A little boat and a big ocean.

19 July 2020
18 September 2015 | Beaulieu River, UK 50’27.32N 2’32.09W – Hayling Yacht Company, Hayling Island, UK 50 48.27’N 0’58.24W via Wicor Marine, UK
14 September 2015 | St Anne, Alderney 49’43.47N 2’11.35W – Beaulei River, UK 50’27.32N 2’32.09W via Studland Bay, UK
12 September 2015 | Gosselin, Sark 49’25.78N 2’22.70W – St Anne, Alderney 49’43.47N 2’11.35W
07 September 2015 | St Peter Port, Guernsey 49’27.32N 2’32.09W – Harve Gosselin, Sark 49’25.78N 2’22.70W
01 September 2015 | Tregarvan, Aulne River, France 48’15.16N 4’14.00W – St Peter Port, Guernsey 49’27.32N 2’32.09W via Cameret Sur Mer, France & Herm, Guernsey
23 August 2015 | Ile de Penfret, Iles de Glenan, France 47’43.05N 3’57.04W – Tregarvan, Aulne River, France 48’15.16N 4’14.00W via Anse de Kerautret, River Odet, France, Englishmans Cove, River Odet, France & Camerat sur Mer, France
19 August 2015 | Treac’h er Gourhed, Ile Houat, France 47’22.99N 2’56.85W - Ile de Penfret, Iles de Glenan, France 47’43.05N 3’57.04W via Port Kerel, Belle Ile, France & Port Tudy, Groix, France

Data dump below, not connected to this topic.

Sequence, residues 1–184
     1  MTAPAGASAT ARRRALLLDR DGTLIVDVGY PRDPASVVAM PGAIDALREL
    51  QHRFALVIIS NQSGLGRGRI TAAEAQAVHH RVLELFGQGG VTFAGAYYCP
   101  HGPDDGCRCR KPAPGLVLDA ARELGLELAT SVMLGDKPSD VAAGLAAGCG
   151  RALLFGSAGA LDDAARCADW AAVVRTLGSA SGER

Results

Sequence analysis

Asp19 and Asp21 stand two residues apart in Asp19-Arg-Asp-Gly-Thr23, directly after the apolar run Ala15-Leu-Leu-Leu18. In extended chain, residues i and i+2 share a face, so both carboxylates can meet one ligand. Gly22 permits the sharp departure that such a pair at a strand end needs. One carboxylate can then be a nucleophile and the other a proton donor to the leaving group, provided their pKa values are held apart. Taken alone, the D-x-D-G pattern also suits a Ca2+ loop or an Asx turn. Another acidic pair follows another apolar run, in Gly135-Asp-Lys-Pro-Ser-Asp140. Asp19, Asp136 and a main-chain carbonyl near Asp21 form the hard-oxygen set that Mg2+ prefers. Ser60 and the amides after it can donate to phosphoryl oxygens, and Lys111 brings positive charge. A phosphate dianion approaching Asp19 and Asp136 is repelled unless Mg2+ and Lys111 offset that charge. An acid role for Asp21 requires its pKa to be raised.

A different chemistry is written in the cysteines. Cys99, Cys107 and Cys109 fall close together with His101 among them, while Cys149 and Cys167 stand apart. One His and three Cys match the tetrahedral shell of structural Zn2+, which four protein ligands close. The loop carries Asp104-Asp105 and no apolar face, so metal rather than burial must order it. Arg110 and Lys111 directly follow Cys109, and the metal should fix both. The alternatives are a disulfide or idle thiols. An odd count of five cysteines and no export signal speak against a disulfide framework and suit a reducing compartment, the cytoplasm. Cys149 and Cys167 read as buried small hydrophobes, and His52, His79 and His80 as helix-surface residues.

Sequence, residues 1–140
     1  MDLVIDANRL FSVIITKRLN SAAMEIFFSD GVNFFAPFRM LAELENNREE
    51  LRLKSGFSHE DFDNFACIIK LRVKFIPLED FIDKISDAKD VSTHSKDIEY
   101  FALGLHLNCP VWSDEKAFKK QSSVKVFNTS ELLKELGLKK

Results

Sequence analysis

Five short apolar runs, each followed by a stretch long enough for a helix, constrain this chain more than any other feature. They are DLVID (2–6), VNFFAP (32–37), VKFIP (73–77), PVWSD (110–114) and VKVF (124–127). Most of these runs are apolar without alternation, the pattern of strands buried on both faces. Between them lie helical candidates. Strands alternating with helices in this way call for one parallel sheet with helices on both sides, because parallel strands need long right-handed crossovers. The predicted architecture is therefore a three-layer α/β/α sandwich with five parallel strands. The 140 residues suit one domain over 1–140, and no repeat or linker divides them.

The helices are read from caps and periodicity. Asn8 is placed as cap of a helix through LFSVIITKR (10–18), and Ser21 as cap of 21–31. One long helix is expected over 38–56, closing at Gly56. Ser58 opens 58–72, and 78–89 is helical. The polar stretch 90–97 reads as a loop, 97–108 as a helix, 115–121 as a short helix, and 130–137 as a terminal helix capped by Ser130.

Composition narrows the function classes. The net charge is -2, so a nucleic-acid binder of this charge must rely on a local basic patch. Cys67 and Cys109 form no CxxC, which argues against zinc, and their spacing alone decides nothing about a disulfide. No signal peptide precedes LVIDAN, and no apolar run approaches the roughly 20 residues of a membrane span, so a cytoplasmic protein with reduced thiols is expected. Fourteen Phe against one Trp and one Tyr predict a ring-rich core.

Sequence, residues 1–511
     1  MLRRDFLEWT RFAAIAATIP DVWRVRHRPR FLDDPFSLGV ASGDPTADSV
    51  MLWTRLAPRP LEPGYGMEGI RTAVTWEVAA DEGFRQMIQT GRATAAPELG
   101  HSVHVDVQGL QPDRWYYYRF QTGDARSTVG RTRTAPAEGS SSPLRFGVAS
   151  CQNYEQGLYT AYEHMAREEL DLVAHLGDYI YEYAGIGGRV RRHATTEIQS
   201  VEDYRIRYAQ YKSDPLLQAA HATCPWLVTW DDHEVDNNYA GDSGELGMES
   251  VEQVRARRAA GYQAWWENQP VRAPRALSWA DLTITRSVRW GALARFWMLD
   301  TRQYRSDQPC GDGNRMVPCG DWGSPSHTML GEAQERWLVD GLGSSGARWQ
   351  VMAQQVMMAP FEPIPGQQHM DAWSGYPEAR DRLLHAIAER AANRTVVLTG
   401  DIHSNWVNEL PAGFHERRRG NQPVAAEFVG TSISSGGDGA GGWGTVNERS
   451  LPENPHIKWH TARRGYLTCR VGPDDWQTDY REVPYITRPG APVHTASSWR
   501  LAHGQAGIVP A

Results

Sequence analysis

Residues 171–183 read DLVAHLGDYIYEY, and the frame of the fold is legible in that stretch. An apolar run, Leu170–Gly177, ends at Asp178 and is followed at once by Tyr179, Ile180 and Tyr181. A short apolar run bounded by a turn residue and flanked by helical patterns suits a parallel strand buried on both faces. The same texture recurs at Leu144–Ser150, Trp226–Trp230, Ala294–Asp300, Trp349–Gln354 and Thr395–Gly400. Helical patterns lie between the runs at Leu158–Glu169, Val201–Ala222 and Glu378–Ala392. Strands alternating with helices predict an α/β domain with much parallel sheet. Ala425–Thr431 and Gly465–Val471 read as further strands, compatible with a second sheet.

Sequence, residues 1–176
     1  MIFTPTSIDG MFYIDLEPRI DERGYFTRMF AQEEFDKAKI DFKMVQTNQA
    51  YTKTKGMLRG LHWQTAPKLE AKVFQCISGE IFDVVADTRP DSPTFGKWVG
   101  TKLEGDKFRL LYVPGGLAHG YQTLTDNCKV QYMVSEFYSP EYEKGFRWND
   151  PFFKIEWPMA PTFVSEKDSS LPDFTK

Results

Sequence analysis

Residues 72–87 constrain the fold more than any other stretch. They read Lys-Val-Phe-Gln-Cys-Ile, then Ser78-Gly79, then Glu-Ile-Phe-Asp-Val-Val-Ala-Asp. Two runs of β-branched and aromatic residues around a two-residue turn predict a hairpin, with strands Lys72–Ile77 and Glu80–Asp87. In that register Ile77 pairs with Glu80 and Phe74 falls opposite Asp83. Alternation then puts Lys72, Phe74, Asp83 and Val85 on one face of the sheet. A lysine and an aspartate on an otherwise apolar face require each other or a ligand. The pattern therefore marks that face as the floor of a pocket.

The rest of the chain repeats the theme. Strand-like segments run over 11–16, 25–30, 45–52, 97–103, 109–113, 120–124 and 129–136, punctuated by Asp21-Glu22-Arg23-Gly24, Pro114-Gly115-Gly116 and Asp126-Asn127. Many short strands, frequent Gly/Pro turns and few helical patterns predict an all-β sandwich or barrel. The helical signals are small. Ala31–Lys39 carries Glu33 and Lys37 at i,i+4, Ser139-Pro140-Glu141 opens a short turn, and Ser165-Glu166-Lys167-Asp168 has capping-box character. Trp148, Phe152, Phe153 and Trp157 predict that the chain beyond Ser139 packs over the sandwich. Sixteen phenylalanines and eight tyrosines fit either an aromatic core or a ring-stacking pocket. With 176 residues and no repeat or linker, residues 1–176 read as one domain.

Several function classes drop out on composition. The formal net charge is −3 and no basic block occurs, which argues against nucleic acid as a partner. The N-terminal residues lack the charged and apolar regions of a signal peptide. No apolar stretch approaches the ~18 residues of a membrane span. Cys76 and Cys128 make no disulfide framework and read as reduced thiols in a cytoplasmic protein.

14 August 2015 | La Rochelle, France 46’08.60N 1’10.09W – Treac’h er Gourhed, Ile Houat, France 47’22.99N 2’56.85W via Anse des Vieilles, Ile d’Yeu, France & Trebezy, St Nazaire, France
08 August 2015 | Anse l’Oubye, Ile de Re, France 46 09.2455 N 1’15.50W – La Rochelle, France 46’08.60N 1’10.09W
04 August 2015 | Ribadesella, Spain 43’27.81N 5’03.71W – Anse l’Oubye, Ile de Re, France 46 09.2455 N 1’15.50W
01 August 2015 | Ribadesella, Spain 43’27.81N 5’03.71W
28 July 2015 | Luarco, Spain 43’32.87N 6’32.08W – Ribadesella, Spain 43’27.81N 5’03.71W via Laurno
24 July 2015 | Ria Vivero, Spain 43’40.55N 7‘36.16W – Luarco, Spain 43’32.87N 6’32.08W via Ribadeo, Spain